Documents the story of a long-time New Orleans resident who was forced to stay behind during Hurricane Katrina while the rest of his family evacuated, describing how he spent days after the storm traveling by canoe to feed abandoned animals before he was inexplicably arrested. Reprint.
Dave Eggers returns to his journalistic roots with this nonfiction account of one family's surreal experiences in New Orleans in the aftermath of Hurricane Katrina. Abdulrahman Zeitoun is a Syrian immigrant who seems to epitomize the American dream. In 2005, he was running his own successful business while raising four children with his wife, Kathy, an American who converted to Islam. When Katrina hit, Zeitoun's home and business sustained serious damage, but they were salvageable, and he chose to remain in the city to protect them. He found himself paddling a canoe through the eerie silence of the flooded streets of the city, lending a hand to various people in need whenever possible. Then, he vanished.
Eggers spent three years researching these events and working closely with the Zeitoun family to understand what happened, and the disturbing details of story he uncovered illustrate the atmosphere of fear which pervaded the Big Easy in the wake of the disaster. He uses Zeitoun's experience to brilliantly illuminate how the most pertinent issues of our time--xenophobia, terrorism, the flawed justice system, and FEMA's abysmal response to Katrina--are mere branches protruding from a trunk of distrust between the American government and the citizens of the world. Selected by the New York Times Book Review as a Notable Book of 2009.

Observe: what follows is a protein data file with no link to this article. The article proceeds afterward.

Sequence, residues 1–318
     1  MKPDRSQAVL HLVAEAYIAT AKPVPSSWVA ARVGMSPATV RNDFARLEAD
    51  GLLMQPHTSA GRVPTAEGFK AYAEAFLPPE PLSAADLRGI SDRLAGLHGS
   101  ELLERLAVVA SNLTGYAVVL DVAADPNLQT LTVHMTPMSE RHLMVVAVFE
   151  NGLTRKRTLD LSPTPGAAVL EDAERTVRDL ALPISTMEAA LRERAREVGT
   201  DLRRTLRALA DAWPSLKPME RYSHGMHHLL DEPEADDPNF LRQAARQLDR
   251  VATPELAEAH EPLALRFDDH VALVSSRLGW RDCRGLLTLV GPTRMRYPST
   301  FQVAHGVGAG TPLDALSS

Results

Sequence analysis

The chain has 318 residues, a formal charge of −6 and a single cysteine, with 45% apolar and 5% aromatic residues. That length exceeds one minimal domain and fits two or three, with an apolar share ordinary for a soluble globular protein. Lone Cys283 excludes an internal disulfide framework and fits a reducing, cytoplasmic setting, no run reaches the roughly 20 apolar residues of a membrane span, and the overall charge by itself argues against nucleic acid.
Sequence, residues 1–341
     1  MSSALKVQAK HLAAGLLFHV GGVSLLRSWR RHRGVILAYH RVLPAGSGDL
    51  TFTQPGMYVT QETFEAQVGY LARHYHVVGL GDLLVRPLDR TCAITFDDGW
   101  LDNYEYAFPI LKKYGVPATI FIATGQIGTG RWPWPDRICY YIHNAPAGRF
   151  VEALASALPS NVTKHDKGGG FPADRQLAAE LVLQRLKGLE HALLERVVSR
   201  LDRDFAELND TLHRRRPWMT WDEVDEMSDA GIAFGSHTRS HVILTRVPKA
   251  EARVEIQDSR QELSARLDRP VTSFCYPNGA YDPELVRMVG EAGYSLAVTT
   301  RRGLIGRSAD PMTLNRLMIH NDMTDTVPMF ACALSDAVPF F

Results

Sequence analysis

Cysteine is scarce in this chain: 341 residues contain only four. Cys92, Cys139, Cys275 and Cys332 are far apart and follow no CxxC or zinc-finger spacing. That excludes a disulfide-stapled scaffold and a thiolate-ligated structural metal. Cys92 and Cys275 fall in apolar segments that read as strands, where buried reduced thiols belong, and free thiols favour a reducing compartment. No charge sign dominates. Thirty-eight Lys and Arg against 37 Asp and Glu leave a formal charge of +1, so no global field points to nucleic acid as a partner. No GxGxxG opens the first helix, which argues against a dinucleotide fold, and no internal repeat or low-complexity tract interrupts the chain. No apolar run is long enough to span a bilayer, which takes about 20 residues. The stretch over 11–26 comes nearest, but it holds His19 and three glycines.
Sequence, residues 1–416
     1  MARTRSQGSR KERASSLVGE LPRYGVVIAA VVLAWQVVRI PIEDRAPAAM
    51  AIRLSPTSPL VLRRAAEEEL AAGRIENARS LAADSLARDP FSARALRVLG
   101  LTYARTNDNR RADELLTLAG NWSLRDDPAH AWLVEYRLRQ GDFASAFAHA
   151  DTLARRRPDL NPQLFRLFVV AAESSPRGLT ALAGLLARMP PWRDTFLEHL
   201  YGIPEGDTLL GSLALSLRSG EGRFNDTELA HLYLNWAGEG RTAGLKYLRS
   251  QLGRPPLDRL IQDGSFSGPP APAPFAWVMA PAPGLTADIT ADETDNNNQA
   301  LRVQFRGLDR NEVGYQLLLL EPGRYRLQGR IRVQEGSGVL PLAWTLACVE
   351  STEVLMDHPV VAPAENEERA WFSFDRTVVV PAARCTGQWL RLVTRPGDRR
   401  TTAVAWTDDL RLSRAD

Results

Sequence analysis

- Nature, Biography + Autobiography
- Natural Disasters
- June 15, 2010
- June 15, 2010
- Dave Eggers